As Simple As Snow by Gregory Galloway (Runa)
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» See also 274 mentions

English (465)  Spanish (9)  Dutch (2)  German (2)  Italian (1)  All languages (479)
Showing 1-5 of 465 (next | show all)
There were some interesting moments and ideas in this book, but overall it was a bit meh. It was a little crude for my taste, lots of dirty teenage-boy jokes. And it kind of followed a hyper-intense nerd stereotype which was almost painful to read. And it had all the immature high school cliches & drama that I loathe. Not to mention it had way too any metaphors and monologues and really bad literature references.

I did get into the mystery of what happened to Margo, and what kind of person she really was, which is why I gave this book three stars. And there were some good lines in the mess.

I LOVED The Fault in Our Stars, so to not love this book was really disappointing. TFIOS just seemed more mature, polished & sincere to me. Every line in TFIOS was special, whereas in Paper Towns many of the lines were kind of trashy. ( )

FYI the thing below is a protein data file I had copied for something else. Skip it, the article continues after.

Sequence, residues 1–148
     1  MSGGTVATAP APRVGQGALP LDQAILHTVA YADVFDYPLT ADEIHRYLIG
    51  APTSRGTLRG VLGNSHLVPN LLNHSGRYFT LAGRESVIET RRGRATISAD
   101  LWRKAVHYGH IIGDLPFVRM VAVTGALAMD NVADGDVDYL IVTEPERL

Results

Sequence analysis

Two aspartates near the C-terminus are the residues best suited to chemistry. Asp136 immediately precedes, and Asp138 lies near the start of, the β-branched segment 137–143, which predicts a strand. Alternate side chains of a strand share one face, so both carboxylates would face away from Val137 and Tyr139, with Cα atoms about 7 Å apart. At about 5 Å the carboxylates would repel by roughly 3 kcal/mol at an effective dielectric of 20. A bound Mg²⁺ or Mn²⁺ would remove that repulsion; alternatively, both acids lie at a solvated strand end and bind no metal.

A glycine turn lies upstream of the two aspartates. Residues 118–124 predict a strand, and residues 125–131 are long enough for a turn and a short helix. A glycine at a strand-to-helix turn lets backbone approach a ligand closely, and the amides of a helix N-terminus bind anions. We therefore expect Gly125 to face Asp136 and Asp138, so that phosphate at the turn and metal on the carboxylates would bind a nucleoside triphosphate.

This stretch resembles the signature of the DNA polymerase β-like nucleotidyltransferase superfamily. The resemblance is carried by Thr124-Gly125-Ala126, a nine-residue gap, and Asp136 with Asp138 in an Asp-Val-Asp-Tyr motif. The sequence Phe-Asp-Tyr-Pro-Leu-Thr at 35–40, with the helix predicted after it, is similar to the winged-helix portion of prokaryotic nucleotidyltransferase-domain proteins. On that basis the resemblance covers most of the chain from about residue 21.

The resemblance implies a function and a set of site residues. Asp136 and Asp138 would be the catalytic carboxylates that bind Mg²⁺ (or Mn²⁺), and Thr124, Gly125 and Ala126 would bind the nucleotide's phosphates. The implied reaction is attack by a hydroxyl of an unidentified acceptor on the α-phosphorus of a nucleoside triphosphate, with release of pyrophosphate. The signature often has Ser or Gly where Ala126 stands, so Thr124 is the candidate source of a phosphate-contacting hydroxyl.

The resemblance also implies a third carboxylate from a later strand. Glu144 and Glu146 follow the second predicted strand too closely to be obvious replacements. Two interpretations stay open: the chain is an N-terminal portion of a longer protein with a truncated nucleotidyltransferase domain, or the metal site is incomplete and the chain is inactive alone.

Sweet_Serenity | Mar 14, 2019 |
This was mostly an enjoyable read. Green's writing style is engaging, and the story is fun, but with just the right amount of seriousness to make it feel important. It was so easy to cheer for Q and hope he finds the next clue on his path to Margo. At times, it dragged, getting bogged down on one detail or another, and I found myself skipping through paragraphs and pages quickly to move the story along. Occasionally, it felt like the book took itself a little too seriously, like Green was trying to inject deep meaning into it rather than telling a good story and letting his reader find the meaning on their own. But, I liked it, and I'll definitely seek out more books by the oh-so-YouTube-famous vlogbrother. ( )